IRAQ - The Geology.
Close to the Iranian border in the north-east, the land rises to the complex Zagros Thrust Zone. Structural trends are similar to those seen in the Arabian Peninsula and in Iran, i.e., in the Zagros foothills the trend is north-west/south-east. The folds frequently have surface expression.
In the far north-west of the country, close to the Turkish and Syrian borders, the Zagros trend swings to a westerly direction. This is reflected in the orientation of the fields in north-western Iraq and north-eastern Syria. Particularly in areas bordering Syria, prospects under study since 1989 have pointed to the possibility of high quality oil in source rocks extending from the Mesopotamian foredeep. There is one potentially large oilfield in a border area adjacent to Deir El Zor (Syria). The part explored on the Syrian side appears to be a small extension of a large reservoir, probably a giant, on the Iraqi side containing high quality oil.
To the south and south-east of Iraq, the structural orientation is more north-south. It parallels trends seen in Kuwait and Saudi Arabia. Folds have little surface expression and have largely been located by seismology. Rumeila, a super-giant oilfield about 80 km long, extends some 3.6 km into Kuwait and was one cause of Iraq's August 1990 invasion.
Details of the deep geology in Iraq are lacking. It seems reasonable to suppose that the N-S oriented folds of southern Iraq owe their existence to deep-seated salt structuration similar to that postulated for many of the fields in the Arabian Peninsula. In contrast, the NW-SE folds to the north are associated with a complex structure developed in front of the Zagros Thrust Belt and were formed by the north-easterly vergence of the Arabian Plate against the Iranian (Asian) Plate.
The habitat of hydrocarbons is a paradigm for the whole Arabian-Iranian region to the south and south-east. Oil occurs in Miocene and older limestones involved in the Zagros Fold Belt and is frequently capped by younger evaporites. Porosity and permeability of the carbonate reservoirs are often enhanced in the folded structures by fracturing, a similar pattern to that seen in Iran. In the most northerly fields hydrocarbons have been found in older Mesozoic limestones, e.g. within the Triassic and the Jurassic.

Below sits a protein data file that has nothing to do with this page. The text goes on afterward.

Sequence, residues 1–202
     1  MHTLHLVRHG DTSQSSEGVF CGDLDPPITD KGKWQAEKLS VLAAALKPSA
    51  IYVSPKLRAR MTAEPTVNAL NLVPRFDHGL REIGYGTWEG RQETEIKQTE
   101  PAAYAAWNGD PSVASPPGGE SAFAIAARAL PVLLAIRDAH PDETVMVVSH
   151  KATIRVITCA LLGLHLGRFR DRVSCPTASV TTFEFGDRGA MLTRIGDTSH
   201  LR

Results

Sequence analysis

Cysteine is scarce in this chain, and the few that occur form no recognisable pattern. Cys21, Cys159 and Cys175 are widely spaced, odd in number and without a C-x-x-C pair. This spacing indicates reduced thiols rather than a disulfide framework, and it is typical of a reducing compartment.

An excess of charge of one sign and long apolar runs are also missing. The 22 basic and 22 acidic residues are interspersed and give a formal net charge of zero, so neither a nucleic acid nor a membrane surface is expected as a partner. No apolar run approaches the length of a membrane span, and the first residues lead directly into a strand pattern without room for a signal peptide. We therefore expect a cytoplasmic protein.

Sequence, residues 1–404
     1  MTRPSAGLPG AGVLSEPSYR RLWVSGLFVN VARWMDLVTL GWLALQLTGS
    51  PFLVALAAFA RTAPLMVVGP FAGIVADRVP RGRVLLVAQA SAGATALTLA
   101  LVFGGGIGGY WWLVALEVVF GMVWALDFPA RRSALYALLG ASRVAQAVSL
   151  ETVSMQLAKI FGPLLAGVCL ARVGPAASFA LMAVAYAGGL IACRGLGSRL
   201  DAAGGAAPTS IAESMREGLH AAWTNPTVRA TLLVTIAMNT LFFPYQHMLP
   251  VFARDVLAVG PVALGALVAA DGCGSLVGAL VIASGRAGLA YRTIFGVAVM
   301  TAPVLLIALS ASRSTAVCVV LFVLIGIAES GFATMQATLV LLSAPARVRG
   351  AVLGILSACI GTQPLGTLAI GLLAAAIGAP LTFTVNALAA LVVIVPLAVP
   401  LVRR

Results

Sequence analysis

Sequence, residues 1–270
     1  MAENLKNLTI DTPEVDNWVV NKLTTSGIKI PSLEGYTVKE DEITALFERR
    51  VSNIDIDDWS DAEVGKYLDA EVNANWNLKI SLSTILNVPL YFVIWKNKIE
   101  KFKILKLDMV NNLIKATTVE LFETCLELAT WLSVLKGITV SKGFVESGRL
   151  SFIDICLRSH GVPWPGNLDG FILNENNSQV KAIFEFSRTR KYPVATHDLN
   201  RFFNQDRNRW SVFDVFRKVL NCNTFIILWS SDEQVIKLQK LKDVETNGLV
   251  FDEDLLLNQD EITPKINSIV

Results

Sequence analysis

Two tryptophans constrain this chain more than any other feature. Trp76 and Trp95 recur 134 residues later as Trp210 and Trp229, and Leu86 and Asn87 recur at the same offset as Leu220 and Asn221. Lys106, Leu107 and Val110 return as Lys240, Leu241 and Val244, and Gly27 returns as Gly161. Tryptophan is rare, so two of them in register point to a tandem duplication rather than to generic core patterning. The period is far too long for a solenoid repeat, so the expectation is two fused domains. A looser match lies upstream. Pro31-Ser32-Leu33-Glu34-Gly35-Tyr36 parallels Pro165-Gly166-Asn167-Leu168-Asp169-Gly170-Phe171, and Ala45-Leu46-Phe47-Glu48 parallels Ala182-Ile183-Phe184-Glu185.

The first commercial oil in the Middle East was found in Iran in 1908, at Masjid-i-Suleiman, in an Oligo-Miocene Asmari limestone formation (Fm). It was not until 1927 that a similar discovery was made in Iraq in an equivalent Fm at Kirkuk. It was then established that the main Tertiary hydrocarbons of the basin in Iraq, Iran and Saudi Arabia came from the Oligo-Miocene carbonate Fm of south-western Iran and its Iraq extensions, sealed under Lower Fars evaporites. In Kirkuk, production also comes from an older Eo-Paleocene carbonate reservoir.
Equally important is the view that the Oligo-Miocene oil of the Kirkuk fields came into place by vertical migration from earlier pre-Zagros pools in the underlying Middle and Lower Cretaceous reservoirs, with fracture-type pools in some cases left "en route" in Upper Cretaceous Fms.
It is said the heavy Asmari and Upper Cretaceous oils of the Mosul region had their origin in an Upper Jurassic source, and came into place by a combination of lateral and vertical migrations. There were excellent over-lapping source beds for the northern fields, where deeper drilling in domes (Kirkuk and NW Iraq, Ain Zalah-Butmah, and on many Asmari producing fields in Iran) gave evidence of vertical migration emplacement of Tertiary oil. Evidence for the pre-Tertiary (Cretaceous) origins of Asmari accumulations has been established by experts using geochemical data, crude oil analysis, API gravity data, pressure data and a more precise understanding of the paleogeography.
In the south, the main reservoirs around Basra are the sandstone members of the Zubair and Nahr Umr Fms. The Cretaceous Mishrif Fm is also productive. These fields (like those of Kuwait and Saudi Arabia) are large, gently dipping folds - in contrast to the elongate, steeply dipping tight structures of the Zagros fold belt.
A characteristic of almost all the Iraqi fields, whether in the fold belt or in the Tigris-Euphrates plain, is that they are productive at several separate levels. This factor contributes to the generally large reserves held in individual structures - hence the "Great Rumaila Triangle". The triangle includes Majnoon and a number of other fields and is, perhaps, the largest petroleum province in the world.
In the north-west, the hydrocarbon potentials are also considerable. The area there, along the border with Syria, could prove to be rich in gas/ condensates as well. There, evaporites present an excellent regional seal. Exploration efforts in that area were interrupted after Iraq invaded Kuwait in August 1990.